Home About Labradors A Basic Care Guide for the Yellow Lab

A Basic Care Guide for the Yellow Lab


There’s no doubt the Labrador Retriever is one of the most popular breeds of dogs in the US. The yellow lab is probably best known for its role as a guide dog for people who are blind. They are a strong dog with lots of energy, and they make a great companion or service animal. They need a large place to be able to play and get plenty of exercise, but they are as loyal and trainable as they are playful. 

History of the Yellow Lab

The ancestors of your yellow lab came from Newfoundland. People traveled there from England and settled in the 18th century. The early dogs were used basically as fishing and hunting companions, but they were split into two breeds. These included the Newfoundland dog and the St. John’s dog, which is the ancestor of the Labrador. Later, St. John’s dogs were taken back to England. That is where they were bred to create the breed of Labrador we have now. Early Labs were almost always black. The genetic information that forms the yellow lab’s color must be present in both the sire and the dam if the pups are to have yellow fur.

However, early on, the yellow Lab was not preferred. Breeders culled yellow-colored pups if they showed up in a litter. This made the yellow lab rare for a long time. The yellow lab’s personality helped it start to gain some popularity, and today, they are one of the most desired breeds. The yellow color can range from a light creamy shade to a darker almost gold hue. Sometimes the yellow lab has unique shades of red. For many years, the lighter shades of yellow labs were the most sought after. Because of their great personalities, they have become some of the most popular pets today, especially for families.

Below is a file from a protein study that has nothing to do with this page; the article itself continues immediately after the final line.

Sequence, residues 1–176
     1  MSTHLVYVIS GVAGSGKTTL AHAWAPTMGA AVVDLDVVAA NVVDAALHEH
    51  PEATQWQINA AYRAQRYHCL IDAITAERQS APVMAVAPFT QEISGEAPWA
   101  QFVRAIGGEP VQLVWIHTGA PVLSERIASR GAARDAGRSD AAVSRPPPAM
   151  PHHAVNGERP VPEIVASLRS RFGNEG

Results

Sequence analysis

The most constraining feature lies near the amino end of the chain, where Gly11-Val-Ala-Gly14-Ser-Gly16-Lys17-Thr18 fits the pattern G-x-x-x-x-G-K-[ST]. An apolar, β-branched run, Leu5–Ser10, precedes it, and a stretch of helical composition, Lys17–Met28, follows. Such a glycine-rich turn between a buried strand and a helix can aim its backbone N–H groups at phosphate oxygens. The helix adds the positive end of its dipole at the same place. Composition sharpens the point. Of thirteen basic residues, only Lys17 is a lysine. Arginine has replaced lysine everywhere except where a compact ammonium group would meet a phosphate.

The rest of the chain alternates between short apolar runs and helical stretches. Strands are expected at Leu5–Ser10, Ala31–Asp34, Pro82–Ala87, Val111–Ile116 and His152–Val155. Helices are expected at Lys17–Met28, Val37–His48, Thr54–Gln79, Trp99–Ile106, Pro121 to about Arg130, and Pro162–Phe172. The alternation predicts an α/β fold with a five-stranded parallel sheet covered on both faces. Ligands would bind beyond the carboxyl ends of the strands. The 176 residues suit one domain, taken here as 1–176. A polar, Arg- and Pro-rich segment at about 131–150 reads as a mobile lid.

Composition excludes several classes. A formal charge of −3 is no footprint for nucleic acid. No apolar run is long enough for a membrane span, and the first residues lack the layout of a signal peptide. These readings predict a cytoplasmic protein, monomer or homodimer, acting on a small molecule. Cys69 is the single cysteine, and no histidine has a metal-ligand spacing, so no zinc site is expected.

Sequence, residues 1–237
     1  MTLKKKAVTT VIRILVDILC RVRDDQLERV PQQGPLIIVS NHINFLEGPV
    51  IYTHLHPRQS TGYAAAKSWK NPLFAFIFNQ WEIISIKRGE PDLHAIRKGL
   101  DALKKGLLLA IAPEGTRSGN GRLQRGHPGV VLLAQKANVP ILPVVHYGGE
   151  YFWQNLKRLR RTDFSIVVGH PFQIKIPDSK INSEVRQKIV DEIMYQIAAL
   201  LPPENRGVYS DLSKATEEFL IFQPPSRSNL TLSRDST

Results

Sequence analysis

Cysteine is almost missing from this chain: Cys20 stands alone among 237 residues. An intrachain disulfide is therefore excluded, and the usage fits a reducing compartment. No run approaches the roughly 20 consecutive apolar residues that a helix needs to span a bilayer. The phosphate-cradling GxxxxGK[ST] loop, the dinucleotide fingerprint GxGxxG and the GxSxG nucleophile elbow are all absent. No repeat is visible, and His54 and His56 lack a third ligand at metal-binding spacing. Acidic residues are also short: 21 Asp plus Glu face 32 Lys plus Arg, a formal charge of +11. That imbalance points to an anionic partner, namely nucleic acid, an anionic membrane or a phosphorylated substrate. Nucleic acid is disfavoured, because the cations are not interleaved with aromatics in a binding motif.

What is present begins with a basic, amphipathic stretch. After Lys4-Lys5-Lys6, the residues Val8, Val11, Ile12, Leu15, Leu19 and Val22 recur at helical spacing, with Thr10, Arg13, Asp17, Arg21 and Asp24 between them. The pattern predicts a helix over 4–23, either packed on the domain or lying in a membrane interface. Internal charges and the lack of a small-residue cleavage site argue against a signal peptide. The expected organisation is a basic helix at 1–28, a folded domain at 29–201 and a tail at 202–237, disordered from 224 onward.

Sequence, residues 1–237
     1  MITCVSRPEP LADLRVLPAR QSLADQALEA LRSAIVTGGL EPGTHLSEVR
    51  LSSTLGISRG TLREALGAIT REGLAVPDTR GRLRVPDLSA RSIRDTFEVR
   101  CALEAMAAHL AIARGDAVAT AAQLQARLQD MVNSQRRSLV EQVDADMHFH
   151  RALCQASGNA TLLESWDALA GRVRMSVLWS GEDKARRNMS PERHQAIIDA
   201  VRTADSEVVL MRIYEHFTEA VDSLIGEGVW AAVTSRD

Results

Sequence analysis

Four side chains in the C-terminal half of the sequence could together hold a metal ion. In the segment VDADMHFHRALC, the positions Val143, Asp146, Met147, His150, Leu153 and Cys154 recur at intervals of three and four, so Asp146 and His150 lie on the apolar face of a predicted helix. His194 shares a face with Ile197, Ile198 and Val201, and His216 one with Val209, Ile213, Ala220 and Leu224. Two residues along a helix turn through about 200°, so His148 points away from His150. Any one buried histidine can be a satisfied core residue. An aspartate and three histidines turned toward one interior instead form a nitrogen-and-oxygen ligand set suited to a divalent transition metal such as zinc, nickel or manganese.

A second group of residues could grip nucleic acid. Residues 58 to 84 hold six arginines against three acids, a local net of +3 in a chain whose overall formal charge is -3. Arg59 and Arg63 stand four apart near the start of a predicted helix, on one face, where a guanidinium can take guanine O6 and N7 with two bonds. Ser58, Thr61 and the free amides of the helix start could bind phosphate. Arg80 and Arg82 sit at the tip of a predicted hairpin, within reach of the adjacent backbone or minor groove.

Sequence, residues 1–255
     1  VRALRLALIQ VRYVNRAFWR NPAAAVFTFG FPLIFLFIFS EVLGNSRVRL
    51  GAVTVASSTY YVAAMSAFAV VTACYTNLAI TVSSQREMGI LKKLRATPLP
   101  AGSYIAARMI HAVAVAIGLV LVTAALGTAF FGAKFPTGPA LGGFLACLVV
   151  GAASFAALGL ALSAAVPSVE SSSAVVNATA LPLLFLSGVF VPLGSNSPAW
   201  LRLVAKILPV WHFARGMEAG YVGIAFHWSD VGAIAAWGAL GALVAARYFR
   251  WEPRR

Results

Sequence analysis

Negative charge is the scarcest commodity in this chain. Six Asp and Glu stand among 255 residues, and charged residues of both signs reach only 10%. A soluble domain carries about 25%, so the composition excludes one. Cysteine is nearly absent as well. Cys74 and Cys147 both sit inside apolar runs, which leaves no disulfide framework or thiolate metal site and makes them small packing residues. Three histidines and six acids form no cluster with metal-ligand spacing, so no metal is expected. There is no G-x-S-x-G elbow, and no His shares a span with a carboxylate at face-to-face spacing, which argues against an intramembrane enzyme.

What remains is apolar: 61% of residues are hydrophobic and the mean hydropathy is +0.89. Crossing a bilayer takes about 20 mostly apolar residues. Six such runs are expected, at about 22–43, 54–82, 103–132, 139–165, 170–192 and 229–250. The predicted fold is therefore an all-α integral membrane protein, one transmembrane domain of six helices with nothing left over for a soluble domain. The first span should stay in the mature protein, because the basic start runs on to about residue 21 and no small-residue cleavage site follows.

Personality and Temperament of the Yellow Lab

The Labrador breed is typically easy to socialize as they are warm and friendly. Their personalities are a bit like people’s in that they can range from inquisitive and reserved to over-the-top silly. They were bred to be working dogs, and they are true companions. This is perhaps why they do not like being left alone for long periods of time. The yellow lab is content to be with its family and likes to be by your side always. They will end up being your shadow if you let them.

In general, the yellow lab is easy going, calm, and obedient. This comes from the desire to please their humans. Despite of this calmer nature, Lab pups, in particular, can turn a bit curious and destructive. They require close monitoring, especially when they are younger to keep them from chewing up things around the house or developing destructive behaviors. They usually grow out of these types of behaviors. Training them well and keeping them active usually curbs bad behaviors. The Labrador is known for being a good dog, but they don’t just magically grow up to be a perfect dog. They need lots of TLC, consistency, time, and attention. But as long as their human remains actively involved with them, they will probably be one of the best companions a person or family could hope for.